Anyway, I passed the physical and was accepted into the actual study. I was told to arrive between four and five AM for the actual study, because germs never sleep so apparently neither do I. I arrived at exactly 4:00 just in case there was another line. A group of us stood outside for forty-five minutes waiting to be let in. As it turns out, we could be disqualified and kicked out of the study without pay if we were late, but the people in charge aren’t held to the same standards. There were employees inside during the entire time we were waiting, people who saw us but avoided eye contact, who answered the phone when we finally called to ask what was going on, pretended to have a bad connection, and hung up. All the while we stood outside with the mosquitos (the trial involved the use of ointment, so we weren’t allowed to use bug spray). When we were finally let in, we were told “There’s been a scheduling issue.” No further explanation, no apology.

Then we were each assigned a number and told to answer to that number for the duration of the study (I asked and was told that we are easier to keep track of that way). We then proceeded to eat, sleep, and be medicated on a rotating schedule that didn’t allow for anything more than a series of 2 hour naps. We could have had longer stretches to sleep, but the study “required” that we be fed on a different schedule than the application of ointment, as well as the monitoring of our response after the cream had been removed, so we had to keep waking up. I asked why the schedule wasn’t more logical, and an employee said that the people running the study frankly don’t see the participants as human beings with biological needs but as blips of data on a computer screen. I had been awake for about twenty hours on three hours of sleep, so I responded that we’re all just blips of data on that great cosmic computer screen we call life.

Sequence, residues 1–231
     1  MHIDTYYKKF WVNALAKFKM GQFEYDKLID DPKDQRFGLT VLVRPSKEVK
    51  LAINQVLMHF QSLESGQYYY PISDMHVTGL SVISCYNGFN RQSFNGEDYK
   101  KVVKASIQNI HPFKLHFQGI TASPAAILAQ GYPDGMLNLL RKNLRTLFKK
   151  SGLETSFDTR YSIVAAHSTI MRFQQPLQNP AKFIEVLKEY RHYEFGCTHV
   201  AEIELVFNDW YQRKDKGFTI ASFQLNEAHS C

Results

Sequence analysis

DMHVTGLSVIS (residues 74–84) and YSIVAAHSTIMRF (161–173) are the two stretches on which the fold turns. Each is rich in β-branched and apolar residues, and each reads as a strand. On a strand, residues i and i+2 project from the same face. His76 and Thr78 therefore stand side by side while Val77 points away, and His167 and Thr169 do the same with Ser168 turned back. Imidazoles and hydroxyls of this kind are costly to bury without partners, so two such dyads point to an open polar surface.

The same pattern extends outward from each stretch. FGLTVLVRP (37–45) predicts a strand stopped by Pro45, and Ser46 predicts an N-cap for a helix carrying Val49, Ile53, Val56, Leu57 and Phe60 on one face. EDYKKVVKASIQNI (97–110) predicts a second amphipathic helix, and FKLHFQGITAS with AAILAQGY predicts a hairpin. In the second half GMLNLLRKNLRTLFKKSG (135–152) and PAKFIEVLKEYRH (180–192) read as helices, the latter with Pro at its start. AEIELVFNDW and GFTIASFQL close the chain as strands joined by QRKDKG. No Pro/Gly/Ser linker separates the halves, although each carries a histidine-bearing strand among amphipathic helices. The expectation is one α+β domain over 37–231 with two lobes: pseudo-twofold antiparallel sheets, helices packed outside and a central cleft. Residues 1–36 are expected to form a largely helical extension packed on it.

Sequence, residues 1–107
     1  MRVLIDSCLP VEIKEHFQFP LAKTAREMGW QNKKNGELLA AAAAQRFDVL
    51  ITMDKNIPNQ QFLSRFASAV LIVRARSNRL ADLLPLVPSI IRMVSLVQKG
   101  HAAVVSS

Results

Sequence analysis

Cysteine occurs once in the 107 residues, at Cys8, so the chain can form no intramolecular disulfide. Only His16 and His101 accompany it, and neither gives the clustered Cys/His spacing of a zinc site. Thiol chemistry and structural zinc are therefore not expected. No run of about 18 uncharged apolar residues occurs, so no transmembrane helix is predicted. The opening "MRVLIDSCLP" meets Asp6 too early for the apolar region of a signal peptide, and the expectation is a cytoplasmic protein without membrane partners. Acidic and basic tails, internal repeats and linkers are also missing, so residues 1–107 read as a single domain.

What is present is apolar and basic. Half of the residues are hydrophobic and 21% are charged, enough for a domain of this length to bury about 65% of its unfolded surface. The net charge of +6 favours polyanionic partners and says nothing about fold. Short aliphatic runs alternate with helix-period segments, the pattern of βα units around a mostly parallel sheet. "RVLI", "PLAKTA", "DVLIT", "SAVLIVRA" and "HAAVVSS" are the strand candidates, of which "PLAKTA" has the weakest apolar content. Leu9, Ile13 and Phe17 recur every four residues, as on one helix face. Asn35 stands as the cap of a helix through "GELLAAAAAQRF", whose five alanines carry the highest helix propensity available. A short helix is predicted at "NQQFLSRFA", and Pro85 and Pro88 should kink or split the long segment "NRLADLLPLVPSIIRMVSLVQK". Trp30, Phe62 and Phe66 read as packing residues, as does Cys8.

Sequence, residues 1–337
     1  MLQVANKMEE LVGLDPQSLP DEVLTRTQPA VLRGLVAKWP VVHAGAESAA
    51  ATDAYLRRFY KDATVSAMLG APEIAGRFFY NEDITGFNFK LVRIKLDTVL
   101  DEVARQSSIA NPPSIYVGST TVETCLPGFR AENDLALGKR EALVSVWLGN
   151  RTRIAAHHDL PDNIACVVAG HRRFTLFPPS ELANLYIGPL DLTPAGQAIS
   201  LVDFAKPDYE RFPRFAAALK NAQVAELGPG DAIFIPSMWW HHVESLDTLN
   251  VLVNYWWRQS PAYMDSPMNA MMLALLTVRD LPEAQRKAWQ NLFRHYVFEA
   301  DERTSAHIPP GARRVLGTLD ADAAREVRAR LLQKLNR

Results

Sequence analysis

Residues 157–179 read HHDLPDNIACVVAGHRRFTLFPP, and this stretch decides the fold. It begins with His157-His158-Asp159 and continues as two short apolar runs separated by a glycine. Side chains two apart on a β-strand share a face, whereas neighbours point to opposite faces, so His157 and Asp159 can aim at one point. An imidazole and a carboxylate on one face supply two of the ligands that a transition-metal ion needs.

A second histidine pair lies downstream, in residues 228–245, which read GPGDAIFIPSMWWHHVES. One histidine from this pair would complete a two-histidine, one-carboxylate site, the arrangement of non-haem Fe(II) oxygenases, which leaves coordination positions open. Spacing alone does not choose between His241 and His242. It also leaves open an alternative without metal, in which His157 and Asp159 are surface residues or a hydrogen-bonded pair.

As the study went on, I bonded with my fellow participants. We laughed together and over-shared personal stories. At some point we managed to get some sleep. For some reason we spent almost a solid 24 hours watching a Law & Order: SVU marathon. It was a nice excuse to mess around on my laptop for almost 2 full days and still feel productive – I was being paid for my time, after all.

Overall, if you can get past the dehumanization and can function with continuous interruptions to your sleep, it is an easy way to make money. The recliners they made us sleep in, all lined up with no privacy, were surprisingly comfortable. I think I will stick to studies lasting 2 days or less for the sake of my mental health. I did make some notes for next time, which I will share in case you are considering a similar venue for easy money. And it is seriously easy money, Including my first-time bonus, I made more than a month’s rent, and all I had to do was put ointment on my arms and watch TV for two days.

  1. Bring a pillow and blanket. They ran out of blankets, and some people were left without. Besides, the few they did have were gross.
  2. Bring socks. You do not want to walk around barefoot, and wearing sandals all the time gets uncomfortable.
  3. Get lots of sleep the night before. You never know what conditions you will be trying to sleep in, so assume you’ll be awake for most of the study.
  4. Make friends. The other participants are just as uncomfortable as you are, and being uncomfortable in solidarity is kind of fun.
  5. Wear sweatpants and a comfortable t-shirt. Seriously, this isn’t a pick-up scene. Comfort is your only priority.
  6. Shower as often as you can. For this particular study we weren’t allowed to bathe, and in these close quarters everyone around you will thank you to minimize your BO.